It is estimated that almost 400 million people (more than 85 percent of the working population in India) work in unorganized sector; out of these, at least 120 million are women. It cannot be denied that the contribution of unorganized sector to India’s GDP is about 50% (NCEUS 2008) and yet how does one bring in regulations of violence free workplace in a sector that is often scattered and fragmented.
If true women’s protection is to be achieved, every workplace must ensure a safe work place for women. It is the duty of the employer to provide a safe work environment: “Appropriate work conditions should be provided in respect of work, leisure, health and hygiene to further ensure that there is no hostile environment towards women at work places and no employee woman should have reasonable grounds to believe that she is disadvantaged in connection with her employment.”
In rural areas, the unorganized labour is highly stratified on the basis of caste and community considerations. The Act makes it imperative to organize workshops and awareness programs, along with providing assistance for women to file a criminal complaint should she choose to, to also initiate criminal action against the perpetrator and treat sexual harassment as a misconduct under the service rules.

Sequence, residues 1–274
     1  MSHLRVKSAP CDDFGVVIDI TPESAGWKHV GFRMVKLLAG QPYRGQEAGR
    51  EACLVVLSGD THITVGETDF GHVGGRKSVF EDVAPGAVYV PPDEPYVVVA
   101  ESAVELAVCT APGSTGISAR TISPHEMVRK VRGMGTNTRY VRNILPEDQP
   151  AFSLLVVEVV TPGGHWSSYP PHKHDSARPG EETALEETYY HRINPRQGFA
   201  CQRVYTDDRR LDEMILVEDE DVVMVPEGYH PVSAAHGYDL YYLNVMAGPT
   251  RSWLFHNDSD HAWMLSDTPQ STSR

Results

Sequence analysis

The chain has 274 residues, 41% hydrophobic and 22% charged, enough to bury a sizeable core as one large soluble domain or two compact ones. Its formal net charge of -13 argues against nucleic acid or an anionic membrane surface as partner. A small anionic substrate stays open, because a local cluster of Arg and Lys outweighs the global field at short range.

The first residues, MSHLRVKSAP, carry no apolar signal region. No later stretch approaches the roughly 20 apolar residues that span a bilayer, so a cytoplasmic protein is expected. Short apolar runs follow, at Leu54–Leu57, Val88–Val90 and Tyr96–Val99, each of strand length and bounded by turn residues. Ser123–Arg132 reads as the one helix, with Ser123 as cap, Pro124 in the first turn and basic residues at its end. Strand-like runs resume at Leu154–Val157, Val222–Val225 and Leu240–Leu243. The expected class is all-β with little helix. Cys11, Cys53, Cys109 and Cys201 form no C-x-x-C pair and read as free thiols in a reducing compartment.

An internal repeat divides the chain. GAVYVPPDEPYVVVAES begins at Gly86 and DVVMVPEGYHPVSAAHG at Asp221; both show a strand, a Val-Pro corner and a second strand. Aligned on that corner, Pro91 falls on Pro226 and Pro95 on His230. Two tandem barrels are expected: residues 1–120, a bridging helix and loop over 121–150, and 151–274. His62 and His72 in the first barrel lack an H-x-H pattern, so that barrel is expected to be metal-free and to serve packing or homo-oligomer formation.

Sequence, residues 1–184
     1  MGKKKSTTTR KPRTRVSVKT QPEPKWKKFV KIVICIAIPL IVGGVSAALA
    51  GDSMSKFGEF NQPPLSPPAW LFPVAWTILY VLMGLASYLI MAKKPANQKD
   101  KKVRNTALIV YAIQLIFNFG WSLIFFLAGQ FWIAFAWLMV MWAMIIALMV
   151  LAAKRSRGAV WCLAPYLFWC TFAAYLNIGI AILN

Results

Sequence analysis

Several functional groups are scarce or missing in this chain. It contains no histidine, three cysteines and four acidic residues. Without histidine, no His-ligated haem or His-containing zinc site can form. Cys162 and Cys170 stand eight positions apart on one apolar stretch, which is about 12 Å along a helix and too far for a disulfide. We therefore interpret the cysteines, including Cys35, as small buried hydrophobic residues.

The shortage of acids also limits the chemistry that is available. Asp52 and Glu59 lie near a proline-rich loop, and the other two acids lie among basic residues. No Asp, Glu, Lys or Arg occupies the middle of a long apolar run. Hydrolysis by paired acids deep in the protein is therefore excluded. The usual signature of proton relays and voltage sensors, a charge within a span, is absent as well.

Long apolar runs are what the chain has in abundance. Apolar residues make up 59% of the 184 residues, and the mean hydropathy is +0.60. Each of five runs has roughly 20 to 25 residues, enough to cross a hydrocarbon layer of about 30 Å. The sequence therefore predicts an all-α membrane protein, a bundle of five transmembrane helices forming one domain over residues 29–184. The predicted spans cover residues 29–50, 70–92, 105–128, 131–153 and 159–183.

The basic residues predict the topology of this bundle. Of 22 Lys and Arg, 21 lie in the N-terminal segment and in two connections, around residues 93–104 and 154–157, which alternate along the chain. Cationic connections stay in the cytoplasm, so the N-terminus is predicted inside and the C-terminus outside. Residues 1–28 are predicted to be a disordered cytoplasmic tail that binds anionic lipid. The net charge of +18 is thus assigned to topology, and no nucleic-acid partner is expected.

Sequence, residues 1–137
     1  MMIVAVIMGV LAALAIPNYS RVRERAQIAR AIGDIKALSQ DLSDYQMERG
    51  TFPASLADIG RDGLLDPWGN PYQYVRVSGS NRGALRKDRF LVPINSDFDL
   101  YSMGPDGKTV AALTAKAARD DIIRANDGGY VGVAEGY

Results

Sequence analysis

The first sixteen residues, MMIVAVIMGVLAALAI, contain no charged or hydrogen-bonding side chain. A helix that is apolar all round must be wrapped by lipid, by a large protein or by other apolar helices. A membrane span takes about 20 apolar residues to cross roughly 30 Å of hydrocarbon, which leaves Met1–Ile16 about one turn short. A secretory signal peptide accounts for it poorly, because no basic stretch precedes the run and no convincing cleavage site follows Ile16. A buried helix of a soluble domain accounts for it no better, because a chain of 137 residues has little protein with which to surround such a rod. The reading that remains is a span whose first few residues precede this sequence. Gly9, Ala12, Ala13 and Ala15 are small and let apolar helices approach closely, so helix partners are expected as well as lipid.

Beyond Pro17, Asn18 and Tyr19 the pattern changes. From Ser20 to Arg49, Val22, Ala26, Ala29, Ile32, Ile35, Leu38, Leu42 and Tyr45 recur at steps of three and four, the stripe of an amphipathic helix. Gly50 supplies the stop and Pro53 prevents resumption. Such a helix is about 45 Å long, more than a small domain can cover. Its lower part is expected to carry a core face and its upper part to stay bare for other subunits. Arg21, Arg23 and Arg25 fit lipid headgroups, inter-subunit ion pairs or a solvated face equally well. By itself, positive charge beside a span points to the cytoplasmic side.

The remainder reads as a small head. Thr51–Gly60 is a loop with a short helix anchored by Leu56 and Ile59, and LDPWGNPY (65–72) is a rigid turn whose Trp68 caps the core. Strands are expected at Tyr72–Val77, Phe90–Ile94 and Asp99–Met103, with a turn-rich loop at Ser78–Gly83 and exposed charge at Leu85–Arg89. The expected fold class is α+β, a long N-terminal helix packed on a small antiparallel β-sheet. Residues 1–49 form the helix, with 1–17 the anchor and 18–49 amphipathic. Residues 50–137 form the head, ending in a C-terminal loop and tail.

In a recent study by Oxfam India, on sexual harassment at workplaces, found that 17% of working women in the country feel that they have experienced acts of sexual harassment at their workplaces. High incidence of sexual harassment were seen among working women from both among the organised and unorganised sectors.
The study titled ‘Sexual Harassment at Workplaces in India 2011-2012‘ was jointly conducted by Oxfam India and the Social and Rural Research Institute, a wing of IMRB International. The study found that top three industries were unsafe for women: labourers which accounts for 29%, followed by domestic help – 23% and small scale manufacturing which accounts 16%.
A majority of respondents perceived women working in the unorganised sector to be more susceptible to sexual harassment due to lack of awareness of legislation. Interestingly, 26% reported to be the sole earning member of their families, indicating that economic vulnerability further makes women more vulnerable to harassment at the workplace.
This sector witnesses violence in silence. It is for activists, civil society, NGOs to focus on making the voices heard, so that justice is met for every woman who silently faces a hostile, offensive, intimidating, or abusive work environment.
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